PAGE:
The magazine reported:

Boylan recalled seeing a dartboard bearing a photo of Bill de Blasio, Cuomo’s antagonist since he was elected Mayor of New York City, in 2014. “I couldn’t believe how brazen that was,” she said. (A spokesperson for the Governor declined to comment on the dartboard.)

During a media conference, de Blasio was asked for his take on the dartboard allegation.

“Well, I’ll tell ya, the first thing I thought…we know that Gov. Cuomo, like Donald Trump, has been obsessed with the size of his hands, so I thought with those big, big hands, how could he possibly hold those tiny, tiny darts. Must have been very difficult.”

After the attempted joke, de Blasio added, “No, look, it’s juvenile. It’s just like frat house humor. It’s not something you would like to see from someone who has, like, serious leadership responsibilities. But, it is what it is.”

According to the attorney of another Cuomo accuser, the governor has a “preoccupation with his hand size and what the large size of his hands indicated to [their client] and other members of his staff.”

Former President Donald Trump’s hands became a topic in the 2016 Republican primary debates, after Sen. Marco Rubio (R-Fla.) made a joke about his then-rival.

Anything else?

The New York Daily News reported that “De Blasio and Cuomo, who are both Democrats, have long feuded. But their rivalry has reached new and public lows as the governor faces a storm of sexual misconduct allegations and loud calls for his resignation.”

Earlier this month, the mayor said of Cuomo, “I just don’t see how he could govern effectively when fewer and fewer people believe him.”

Andrew Cuomo Cuomo scandal Cuomo sexual harassment Intelwars New York New york voters Nursing home scandal Siena poll

Just 35% of New Yorkers say Cuomo should resign, most satisfied with his answers on sexual harassment allegations

New York Gov. Andrew Cuomo stands publicly accused of sexual harassment by seven women, is under federal investigation for covering up nursing home COVID-19 deaths, and faces an impeachment investigation from state lawmakers. And despite all of this, a new poll found barely a third of New York voters want the governor to resign.

Only 35% of New Yorkers surveyed said that Gov. Cuomo should immediately resign following his sexual harassment and nursing home scandals, according to a new Siena poll. Half of voters surveyed, 50%, said the governor should not resign. A plurality of voters, 48% to 34%, also said Cuomo can continue to effectively do his job as governor.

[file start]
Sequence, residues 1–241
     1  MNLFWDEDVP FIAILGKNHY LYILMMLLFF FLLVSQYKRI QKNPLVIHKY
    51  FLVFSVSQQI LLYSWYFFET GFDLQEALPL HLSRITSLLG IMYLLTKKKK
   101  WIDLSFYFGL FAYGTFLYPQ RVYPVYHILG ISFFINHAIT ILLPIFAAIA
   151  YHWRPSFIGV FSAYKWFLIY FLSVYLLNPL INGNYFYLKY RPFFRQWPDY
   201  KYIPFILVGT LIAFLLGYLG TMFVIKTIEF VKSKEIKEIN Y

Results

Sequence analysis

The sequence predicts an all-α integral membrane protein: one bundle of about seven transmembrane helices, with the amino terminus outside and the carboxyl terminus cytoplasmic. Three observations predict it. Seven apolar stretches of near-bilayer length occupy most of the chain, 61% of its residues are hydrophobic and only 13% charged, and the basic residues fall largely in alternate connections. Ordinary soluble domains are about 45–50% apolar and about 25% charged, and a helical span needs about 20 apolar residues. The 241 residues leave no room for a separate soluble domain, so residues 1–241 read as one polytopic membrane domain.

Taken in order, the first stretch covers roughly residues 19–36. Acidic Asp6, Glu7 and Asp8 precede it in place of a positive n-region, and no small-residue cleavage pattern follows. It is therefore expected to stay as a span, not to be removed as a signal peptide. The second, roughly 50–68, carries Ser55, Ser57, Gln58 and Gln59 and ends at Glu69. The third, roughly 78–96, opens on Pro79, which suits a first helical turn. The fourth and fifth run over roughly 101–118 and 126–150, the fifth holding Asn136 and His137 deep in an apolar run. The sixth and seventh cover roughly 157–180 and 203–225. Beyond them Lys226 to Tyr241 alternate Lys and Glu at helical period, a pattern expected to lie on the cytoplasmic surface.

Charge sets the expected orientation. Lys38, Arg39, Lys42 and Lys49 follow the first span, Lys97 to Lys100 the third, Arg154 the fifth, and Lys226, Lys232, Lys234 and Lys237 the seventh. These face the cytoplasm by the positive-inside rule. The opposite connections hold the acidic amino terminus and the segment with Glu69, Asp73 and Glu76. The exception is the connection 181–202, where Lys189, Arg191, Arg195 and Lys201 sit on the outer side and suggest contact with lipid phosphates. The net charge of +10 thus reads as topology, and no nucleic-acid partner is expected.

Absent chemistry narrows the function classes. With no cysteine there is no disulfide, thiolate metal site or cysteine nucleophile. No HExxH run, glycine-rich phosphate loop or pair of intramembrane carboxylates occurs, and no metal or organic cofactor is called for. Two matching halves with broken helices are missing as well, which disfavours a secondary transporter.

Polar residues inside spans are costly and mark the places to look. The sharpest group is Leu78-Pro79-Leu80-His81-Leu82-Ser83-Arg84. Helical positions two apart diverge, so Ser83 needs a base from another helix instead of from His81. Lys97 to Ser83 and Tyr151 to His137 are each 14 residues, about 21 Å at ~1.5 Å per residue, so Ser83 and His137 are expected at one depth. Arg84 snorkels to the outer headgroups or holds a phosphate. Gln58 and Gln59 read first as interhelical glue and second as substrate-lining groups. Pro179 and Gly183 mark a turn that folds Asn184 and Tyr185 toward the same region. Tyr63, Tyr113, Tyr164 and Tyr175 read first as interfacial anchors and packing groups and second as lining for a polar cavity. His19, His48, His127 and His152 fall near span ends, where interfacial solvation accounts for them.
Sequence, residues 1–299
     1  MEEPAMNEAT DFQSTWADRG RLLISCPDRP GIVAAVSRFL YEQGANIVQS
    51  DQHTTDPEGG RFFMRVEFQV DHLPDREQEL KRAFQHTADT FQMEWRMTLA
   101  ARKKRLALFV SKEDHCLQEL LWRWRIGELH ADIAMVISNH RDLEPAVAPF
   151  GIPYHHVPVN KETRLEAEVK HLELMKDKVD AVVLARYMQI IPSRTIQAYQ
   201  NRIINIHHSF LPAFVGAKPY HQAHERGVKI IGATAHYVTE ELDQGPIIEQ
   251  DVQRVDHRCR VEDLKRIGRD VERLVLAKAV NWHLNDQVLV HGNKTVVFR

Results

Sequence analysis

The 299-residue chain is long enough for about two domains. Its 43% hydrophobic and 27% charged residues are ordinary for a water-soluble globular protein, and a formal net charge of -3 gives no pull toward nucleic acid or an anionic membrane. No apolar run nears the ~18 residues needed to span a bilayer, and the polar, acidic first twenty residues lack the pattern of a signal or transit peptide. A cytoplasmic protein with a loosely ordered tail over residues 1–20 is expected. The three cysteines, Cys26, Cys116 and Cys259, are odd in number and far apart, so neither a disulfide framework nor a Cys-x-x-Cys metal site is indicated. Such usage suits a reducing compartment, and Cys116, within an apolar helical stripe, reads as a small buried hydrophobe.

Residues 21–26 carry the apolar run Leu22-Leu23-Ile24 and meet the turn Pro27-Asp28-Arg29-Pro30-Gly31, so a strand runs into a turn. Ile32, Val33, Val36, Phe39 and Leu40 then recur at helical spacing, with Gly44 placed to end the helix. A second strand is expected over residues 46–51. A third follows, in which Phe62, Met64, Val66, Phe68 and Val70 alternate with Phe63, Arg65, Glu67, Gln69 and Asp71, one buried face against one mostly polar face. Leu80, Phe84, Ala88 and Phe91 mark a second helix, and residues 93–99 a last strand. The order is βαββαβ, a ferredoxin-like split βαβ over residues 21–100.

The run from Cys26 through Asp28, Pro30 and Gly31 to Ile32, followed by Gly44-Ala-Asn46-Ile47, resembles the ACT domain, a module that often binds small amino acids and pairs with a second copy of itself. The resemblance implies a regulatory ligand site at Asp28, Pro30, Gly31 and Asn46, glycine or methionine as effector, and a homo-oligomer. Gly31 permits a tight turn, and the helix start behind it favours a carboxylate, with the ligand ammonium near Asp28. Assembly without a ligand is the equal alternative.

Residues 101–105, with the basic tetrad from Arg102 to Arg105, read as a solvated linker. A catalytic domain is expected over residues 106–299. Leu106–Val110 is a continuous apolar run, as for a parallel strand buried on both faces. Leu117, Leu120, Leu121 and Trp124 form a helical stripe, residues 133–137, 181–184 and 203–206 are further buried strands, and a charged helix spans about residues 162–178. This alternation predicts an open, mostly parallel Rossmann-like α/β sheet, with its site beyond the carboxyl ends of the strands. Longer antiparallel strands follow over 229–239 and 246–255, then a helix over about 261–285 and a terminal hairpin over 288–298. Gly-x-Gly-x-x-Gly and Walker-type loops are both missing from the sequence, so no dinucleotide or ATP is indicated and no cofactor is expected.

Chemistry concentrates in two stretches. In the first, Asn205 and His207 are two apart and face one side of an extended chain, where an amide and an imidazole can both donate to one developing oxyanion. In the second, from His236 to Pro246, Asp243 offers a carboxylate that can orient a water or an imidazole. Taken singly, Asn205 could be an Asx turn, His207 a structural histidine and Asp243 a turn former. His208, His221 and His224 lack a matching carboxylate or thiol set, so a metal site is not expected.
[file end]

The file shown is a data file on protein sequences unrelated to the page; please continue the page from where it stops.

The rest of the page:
Only one-third of voters believe that Cuomo committed sexual harassment, one-quarter of voters say he did not, and a plurality of voters are unsure. Overall, the poll found New Yorkers are satisfied with the way Cuomo has responded to the allegations by a margin of 57%-32%.

Cuomo is accused by multiple women of inappropriate touching, kissing women without their permission, and one accusation that he “aggressively groped” a female aide working at the governor’s mansion. That last accusation may have risen “to the level of a crime,” Albany police officials said last week after state police and the governor’s lawyers contacted them about the alleged incident.

The governor has repeatedly denied all of the allegations against him, insisting that New Yorkers wait for a report from independent investigators appointed by the New York state attorney general’s office, who are reviewing the allegations.

On the question of Cuomo’s handling of the pandemic, voters’ opinions are virtually unchanged from last month. A majority of 60% of New Yorkers approved of his handling of the pandemic, while just 33% disapproved. Most voters approved of how Cuomo communicates, said he provides “accurate information,” and agreed with his plans for reopening New York.

The only mark Cuomo scored poorly on was making COVID-related nursing home death data public, with 66% of voters grading the governor “fair” or “poor.” An aide to the governor admitted last month that the Cuomo administration hid data on nursing home deaths for fear of the political ramifications to be faced for publishing it. The New York Times reported last week that aides to the governor rewrote a report on nursing home deaths to hide the fact that 9,000 senior citizen residents had died of COVID-19 after Cuomo’s controversial executive order placing COVID-19 patients in nursing homes.

“Voters appear to be able to compartmentalize how they feel about Cuomo. While their views on him generally – favorability, job performance, re-elect – took a significant hit this month, voters’ views on Cuomo’s handling of the pandemic remain largely positive, except for his handling of nursing home death data,” Siena pollster Steven Greenberg said. “Two-thirds of New Yorkers, including 56 percent of Democrats, give him a negative grade for making public all data about COVID-related deaths of nursing home patients.”

Though both Republican and state Democratic leaders have called on the governor to resign in recent weeks, Cuomo has adamantly refused to do so. In a statement released Monday, the chairman of the New York Democratic Party appeared to call on state Democrats to back down, saying the party should “focus on getting the work of government done.”

Andrew Cuomo Cuomo allegations Intelwars Joe Biden Kamala Harris Sexual Misconduct

Biden refuses to call for Andrew Cuomo’s resignation, but previously said women should be believed

President Joe Biden finally responded to the growing sexual misconduct scandal facing New York Gov. Andrew Cuomo (D).

Cuomo stands accused of asking female aides about their sex lives and kissing women without their permission, along with an accusation that he “aggressively groped” a female aide working at the governor’s mansion. Cuomo has denied the allegations.